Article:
Marat Safin has won two grand-slams and was the top ranking tennis player for nine weeks in 2000. But the outspoken Safin is clear about one thing: he does not like playing at Wimbledon.

"I try not to overstay my welcome here," the former world number one told the Sovietsky Sport newspaper, calling Wimbledon his least favorite tournament. Players complain about a lot of things in the locker room but when it comes to speaking their mind to the press they always say how nice everything is."
Before his match against 279th ranked Aisam-ul-Haq Qureshi (who is the first Pakistani player to make it out of the first round in over thirty years), Safin came close to one of those US Weekly patented "They're Just Like Us" moments. Safin echoed the sentiments of many visitors to London by complaining about the price of things.
"But how can it be nice if you can't even buy a normal meal with our daily allowances here. A plate of spaghetti cost $25, where else do you see such outrageous prices," he asked.
While Safin claims he can hardly afford a meal at Wimbledon, he's hardly like us. His career earnings amount to $13 million. The average visitor's to England has to be less than that. I appreciate Safin's sentiments - England is a damn expensive place! The idea that he hasn't become so jaded as to not care about what he spends on things is also appealing and rare in star athletes. But perhaps Marat just needs to phrase things a bit differently. Maybe it's that you can afford the food, but you just believe that the prices in town are unreasonably high. Doesn't that sound better?

You'd think Safin would spend less time whining about food, and more time preparing for his upcoming match. Speaking of the match against Aisam-ul-Haq Qureshi, Safin admitted he didn't even know what he looked like.
"I guess he's playing pretty good tennis if he qualified, he won a three-set match today. So I guess tough opponent second round. We'll see how it's going to be."
Yes, we'll see Marat.

26 June 2007

LIO Interviews ESPN's Keith Law

LIO had the pleasure of interviewing Keith Law, Senior Baseball Writer for ESPN’s Scouts Inc. Keith is one of ESPN's baseball gurus, and spearheaded the coverage of the recent MLB draft. Prior to coming to ESPN, Law spent 4 1/2 years as a Special Assistant to the General Manager with the Toronto Blue Jays.

Keith's baseball work can be found via his blog and chats. His chats and his personal site give a better picture of the true Keith Law - a lover of not only baseball, but literature and fine cuisine to boot.

I traded emails with Keith over the last few days, and the fruits of our writing is below:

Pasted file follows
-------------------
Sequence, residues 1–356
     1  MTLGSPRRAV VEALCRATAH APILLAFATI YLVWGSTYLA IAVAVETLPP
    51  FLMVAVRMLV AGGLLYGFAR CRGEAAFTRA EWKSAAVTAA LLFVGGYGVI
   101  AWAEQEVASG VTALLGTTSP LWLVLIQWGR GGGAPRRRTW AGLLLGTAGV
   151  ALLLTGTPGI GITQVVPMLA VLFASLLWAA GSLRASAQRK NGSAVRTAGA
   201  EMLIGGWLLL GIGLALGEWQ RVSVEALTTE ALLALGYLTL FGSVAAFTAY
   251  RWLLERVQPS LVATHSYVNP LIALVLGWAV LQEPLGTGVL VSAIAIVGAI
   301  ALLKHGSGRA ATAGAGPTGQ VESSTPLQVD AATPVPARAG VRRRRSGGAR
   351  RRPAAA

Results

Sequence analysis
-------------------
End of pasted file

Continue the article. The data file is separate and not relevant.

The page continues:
LIO: How did you land at ESPN? How did the evolution go from special assistant to the GM in Toronto to working for the worldwide leader?

KL: That’s a long story, but here’s the short version. I had written a bunch of freelance columns for ESPN back in 2000 and 2001, before going to Toronto. By the end of 2005, I was looking to leave the Jays and was talking to a friend at the Four-Letter who mentioned that they were looking for someone to fill the position I’m in now. And I got the gig. Wasn’t a tough decision on my end.

LIO: Your chats and columns are always full of your personality and flair. It's more than just numbers to you. With ESPN so eager to pick out great personalities, what's it going to take to get you a regular column? You've got "intellectual Sports Guy" written all over you.

KL: Nah, Bill’s got a niche – can I call it a niche? it’s humongous – that no one else could fill. I like what I’m doing for the site now: serious baseball analysis and commentary, with the occasional Page 2 bit when I have an opinion to scream about, and the more-or-less weekly chats, which I really try to keep open-ended. The chats are the key for me. They’re unedited, so I’ve got more freedom to say what’s on my mind, and can use more humor than I’m allowed to put into regular columns. They’re quick, so I often get to put things out there that weren’t long enough to make it into a column or a blog entry. And they give me a feel for what readers want – more amateur stuff? More detail on the scouting reports? Should I go see certain teams or prospects? Not to mention all the book, movie, music, and food suggestions I get. I really look forward to the chats, and I seem to be building a nice, faithful audience for them, because I’m starting to recognize the names of some questioners from week to week.
LIO: What are you reading on a regular basis, both in the sports and non-sports world?

My RSS reader includes Gammons’ and Simmons’ feeds, BA’s main feed, BP Unfiltered, Carlos Gomez’ feed, D-Town Baseball (a Tigers blog run by a guy I’ve known for years), FJM, MLB Trade Rumors, Sabernomics, The Big Lead, Deadspin, Seth Mnookin’s blog, and of course LIO. I also read Baseball Think Factory’s news blog, and I’ve been a Rotowire user almost since Day One – even if you don’t play fantasy baseball (which I don’t), their updates are invaluable for keeping on top of things.